Image Source: Flickr/HomeSpot HQ

Thursday, October 29, 2015

What You Need to Know about September Housing Numbers

What You Need to Know about September Housing Numbers

Home sales rebounded in September; highlights from the latest housing report from the National Association of Realtors
The housing market came back strong in September, according to the National Association of Realtors (NAR). Its monthly report on existing home sales marked the year-over-year gain as 8.8% with the seasonally adjusted annual rate of 5.55 million existing homes sold.
“September home sales bounced back solidly after slowing in August,” said NAR Chief Economist Lawrence Yun. “[This is] is the second highest pace since February 2007. While current price growth around 6 percent is still roughly double the pace of wages, affordability has slightly improved since the spring and is helping to keep demand at a strong and sustained pace.”
Yun is optimistic despite September inventory shortages, which decreased 2.6 percent to 2.21 million existing homes available. “Despite shortages, the housing market has made great strides this year, backed by an increasing share of pent-up sellers realizing the increased equity they’ve gained from rising home prices and using it towards trading up or moving into a smaller home,” he said.
Recently, NAR President Chris Polychron testified in support of the U.S. House Financial Services Subcommittee on Housing and Insurance to pass the “Housing Opportunity Through Modernization Act of 2015.” According to Polychron, the bill will help to expand homeownership opportunities and includes changes to current housing policies that limit flexible and affordable financing needed by many first-time buyers. Realtors are hoping the new policy will help sustain the housing market’s upward climb into 2016.
The monthly NAR report also showed that single-family home sales are up 9.6 percent from a year ago at 4.93 million with a median home price of $223,500.
September’s housing rebound helped boost all regional existing home sales. The Northern region rose 8.6 percent to 760,000, while the South climbed 3.8 percent to an annual rate of 2.21 million in September.
September’s housing rebound means existing home sales have now increased year-over-year for 12 consecutive months.

Friday, September 18, 2015

Tips on Narrowing Down Where to Buy a Vacation Home

Tips on Narrowing Down Where to Buy a Vacation Home

Thinking about buying a vacation home? Consider these suggestions on finding the perfect destination.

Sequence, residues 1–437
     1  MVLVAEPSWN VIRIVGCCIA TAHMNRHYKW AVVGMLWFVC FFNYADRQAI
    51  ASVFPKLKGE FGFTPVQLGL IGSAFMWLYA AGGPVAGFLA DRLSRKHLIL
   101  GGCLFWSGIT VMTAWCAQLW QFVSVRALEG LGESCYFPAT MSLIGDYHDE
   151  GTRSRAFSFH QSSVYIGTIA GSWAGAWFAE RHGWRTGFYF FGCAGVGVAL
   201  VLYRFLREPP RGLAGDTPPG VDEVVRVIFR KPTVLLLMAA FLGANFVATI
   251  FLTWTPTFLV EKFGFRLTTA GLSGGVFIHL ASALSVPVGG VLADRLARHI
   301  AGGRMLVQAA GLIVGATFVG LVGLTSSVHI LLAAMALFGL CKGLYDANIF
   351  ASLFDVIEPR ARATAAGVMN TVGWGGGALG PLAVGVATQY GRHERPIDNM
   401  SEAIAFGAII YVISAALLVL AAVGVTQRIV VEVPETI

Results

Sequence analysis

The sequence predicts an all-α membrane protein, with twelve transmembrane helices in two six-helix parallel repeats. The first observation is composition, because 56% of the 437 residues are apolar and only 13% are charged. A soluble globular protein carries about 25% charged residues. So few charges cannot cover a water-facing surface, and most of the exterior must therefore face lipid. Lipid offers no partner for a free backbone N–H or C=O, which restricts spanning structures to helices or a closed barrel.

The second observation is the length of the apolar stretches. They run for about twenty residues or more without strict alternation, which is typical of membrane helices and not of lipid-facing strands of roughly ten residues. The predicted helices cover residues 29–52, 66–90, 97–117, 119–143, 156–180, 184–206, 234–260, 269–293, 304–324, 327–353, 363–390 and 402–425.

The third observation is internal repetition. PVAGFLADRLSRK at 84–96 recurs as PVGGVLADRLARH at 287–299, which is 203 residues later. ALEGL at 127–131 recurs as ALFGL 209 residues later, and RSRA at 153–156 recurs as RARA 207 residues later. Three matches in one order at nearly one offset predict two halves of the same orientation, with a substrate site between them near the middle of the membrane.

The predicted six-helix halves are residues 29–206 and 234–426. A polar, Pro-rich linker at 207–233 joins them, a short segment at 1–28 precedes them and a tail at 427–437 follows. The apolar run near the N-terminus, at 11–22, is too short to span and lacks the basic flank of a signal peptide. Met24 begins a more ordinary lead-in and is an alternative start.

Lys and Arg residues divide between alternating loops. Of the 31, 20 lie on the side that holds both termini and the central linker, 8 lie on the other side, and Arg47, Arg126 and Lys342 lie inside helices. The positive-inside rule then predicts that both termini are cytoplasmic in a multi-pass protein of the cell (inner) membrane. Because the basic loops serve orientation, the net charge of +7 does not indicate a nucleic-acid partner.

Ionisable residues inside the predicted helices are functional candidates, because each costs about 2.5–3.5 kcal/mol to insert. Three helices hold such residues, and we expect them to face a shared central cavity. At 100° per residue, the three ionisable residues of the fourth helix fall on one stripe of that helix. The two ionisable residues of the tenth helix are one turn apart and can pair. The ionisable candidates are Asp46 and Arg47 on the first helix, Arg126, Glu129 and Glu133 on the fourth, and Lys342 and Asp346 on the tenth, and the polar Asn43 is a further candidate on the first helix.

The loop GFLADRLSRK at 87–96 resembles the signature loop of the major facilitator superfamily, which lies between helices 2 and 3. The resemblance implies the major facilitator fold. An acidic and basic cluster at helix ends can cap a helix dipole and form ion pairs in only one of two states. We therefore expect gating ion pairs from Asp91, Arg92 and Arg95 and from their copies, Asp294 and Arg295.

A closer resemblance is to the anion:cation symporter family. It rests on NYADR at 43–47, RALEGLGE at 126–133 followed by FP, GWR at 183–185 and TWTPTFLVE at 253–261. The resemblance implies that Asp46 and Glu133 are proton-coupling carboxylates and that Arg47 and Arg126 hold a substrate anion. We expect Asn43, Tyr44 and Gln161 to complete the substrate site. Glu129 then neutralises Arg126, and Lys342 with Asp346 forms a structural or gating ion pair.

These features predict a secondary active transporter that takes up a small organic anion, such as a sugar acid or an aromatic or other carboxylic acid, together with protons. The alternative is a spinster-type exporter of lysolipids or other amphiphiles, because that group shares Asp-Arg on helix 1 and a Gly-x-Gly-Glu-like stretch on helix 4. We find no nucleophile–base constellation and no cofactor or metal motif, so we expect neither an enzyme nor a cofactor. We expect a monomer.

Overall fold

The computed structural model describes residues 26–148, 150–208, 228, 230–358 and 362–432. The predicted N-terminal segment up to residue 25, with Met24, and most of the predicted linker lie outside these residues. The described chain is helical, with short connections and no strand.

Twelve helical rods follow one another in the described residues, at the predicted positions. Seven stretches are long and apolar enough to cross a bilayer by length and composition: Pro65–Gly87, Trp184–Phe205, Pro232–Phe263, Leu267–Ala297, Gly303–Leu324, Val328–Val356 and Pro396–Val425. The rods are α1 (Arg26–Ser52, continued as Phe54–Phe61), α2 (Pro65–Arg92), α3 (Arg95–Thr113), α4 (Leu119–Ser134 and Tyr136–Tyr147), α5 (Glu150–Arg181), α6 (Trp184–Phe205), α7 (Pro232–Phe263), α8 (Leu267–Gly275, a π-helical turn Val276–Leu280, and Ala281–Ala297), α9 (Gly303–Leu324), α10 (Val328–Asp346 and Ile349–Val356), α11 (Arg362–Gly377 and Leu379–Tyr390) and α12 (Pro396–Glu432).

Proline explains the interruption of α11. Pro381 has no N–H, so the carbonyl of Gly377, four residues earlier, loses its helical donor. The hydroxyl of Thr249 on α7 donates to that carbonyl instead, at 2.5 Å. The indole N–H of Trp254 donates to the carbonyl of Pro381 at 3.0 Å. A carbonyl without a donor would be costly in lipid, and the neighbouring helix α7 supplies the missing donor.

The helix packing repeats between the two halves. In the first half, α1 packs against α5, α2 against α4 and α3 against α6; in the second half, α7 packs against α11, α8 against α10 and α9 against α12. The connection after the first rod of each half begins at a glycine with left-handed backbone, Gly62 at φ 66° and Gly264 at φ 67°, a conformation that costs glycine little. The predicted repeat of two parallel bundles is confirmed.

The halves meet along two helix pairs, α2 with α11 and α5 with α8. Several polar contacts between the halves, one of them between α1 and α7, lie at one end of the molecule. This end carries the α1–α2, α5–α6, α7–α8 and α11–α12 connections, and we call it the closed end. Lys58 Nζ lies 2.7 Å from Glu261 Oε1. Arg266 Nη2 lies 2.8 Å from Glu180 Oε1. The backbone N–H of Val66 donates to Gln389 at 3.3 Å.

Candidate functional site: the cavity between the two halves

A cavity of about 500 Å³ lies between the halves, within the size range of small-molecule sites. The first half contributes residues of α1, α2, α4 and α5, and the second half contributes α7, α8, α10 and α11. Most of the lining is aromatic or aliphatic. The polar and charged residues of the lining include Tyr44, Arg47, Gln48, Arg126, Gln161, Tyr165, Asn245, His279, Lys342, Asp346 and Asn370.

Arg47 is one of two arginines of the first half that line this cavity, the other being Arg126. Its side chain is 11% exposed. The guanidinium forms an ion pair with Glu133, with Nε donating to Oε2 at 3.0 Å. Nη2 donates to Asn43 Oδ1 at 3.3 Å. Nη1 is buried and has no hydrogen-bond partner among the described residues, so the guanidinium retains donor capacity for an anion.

So maybe you’ve been thinking about buying a vacation home after that amazing time you had this summer with the family, but you’re wondering if that destination is the place to put down your vacation roots. As a child, my family traveled each summer to the Great Smoky Mountains, and when I chose to attend college in Western North Carolina, it made perfect sense to my parents to purchase a home in this area. At the time they thought it would be a vacation home, but they eventually fell in love with the area and moved there permanently.
The original plan was finding a home in Asheville because that was the town they knew best. But after exploring the area, they soon learned that their budget prevented them from affording this market. Perhaps you too have been wondering how to identify which area is best for your vacation home purchase. Here are some things to consider when trying to determine where to buy a vacation home.
Google Maps. Take some time on Google Maps to look around the region you’ve identified as your vacation home destination. Maybe you’ve been vacationing for a few years on St. Simons Island and dream about having your own place on the Golden Isles of Georgia. But there are so many other wonderful (and perhaps more affordable markets) on the Georgia and South Carolina coast that you may be missing. Get to know the region and make a list of all the possible cities that provide access to that “thing” that makes you keep coming to this area.
Market Research. Now that you’ve pulled together a list of other cities to consider, do some research on each of the markets. Some initial things to find out would be:
  • Short-term rental demands and occupancy rates
  • Tourism demographics (Is it growing or declining?)
  • Medium sales price for vacation homes (also try to find historic information to determine market growth or decline)
  • Inventory levels of vacation homes for sale
  • New housing construction projects
  • What are people saying about each community on sites like TripAdvisor.com
Here’s to Another Trip. Most of us go on vacation and typically never leave the area we’ve come to visit. But now that you’ve done your research and identified other communities to consider, it’s time to go visit. Reach out to a local real estate agent in those markets to show you some properties that are currently for sale to give you a better idea of each market’s inventory. Also try to set up appointments with property management companies while you are in town to explore your options if you choose to rent your vacation home while you’re not using it.